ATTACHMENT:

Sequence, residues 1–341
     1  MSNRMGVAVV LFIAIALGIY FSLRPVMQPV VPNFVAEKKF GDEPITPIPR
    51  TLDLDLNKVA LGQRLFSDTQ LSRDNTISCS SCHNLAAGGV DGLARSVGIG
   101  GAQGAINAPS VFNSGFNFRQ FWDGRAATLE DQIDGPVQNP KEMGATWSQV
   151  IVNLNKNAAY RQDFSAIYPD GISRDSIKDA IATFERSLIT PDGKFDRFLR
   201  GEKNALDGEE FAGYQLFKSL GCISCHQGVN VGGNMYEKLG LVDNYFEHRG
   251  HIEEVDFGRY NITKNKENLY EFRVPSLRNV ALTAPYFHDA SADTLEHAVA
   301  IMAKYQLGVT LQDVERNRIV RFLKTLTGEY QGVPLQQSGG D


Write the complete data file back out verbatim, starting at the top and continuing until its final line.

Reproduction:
Sequence, residues 1–341
     1  MSNRMGVAVV LFIAIALGIY FSLRPVMQPV VPNFVAEKKF GDEPITPIPR
    51  TLDLDLNKVA LGQRLFSDTQ LSRDNTISCS SCHNLAAGGV DGLARSVGIG
   101  GAQGAINAPS VFNSGFNFRQ FWDGRAATLE DQIDGPVQNP KEMGATWSQV
   151  IVNLNKNAAY RQDFSAIYPD GISRDSIKDA IATFERSLIT PDGKFDRFLR
   201  GEKNALDGEE FAGYQLFKSL GCISCHQGVN VGGNMYEKLG LVDNYFEHRG
   251  HIEEVDFGRY NITKNKENLY EFRVPSLRNV ALTAPYFHDA SADTLEHAVA
   301  IMAKYQLGVT LQDVERNRIV RFLKTLTGEY QGVPLQQSGG D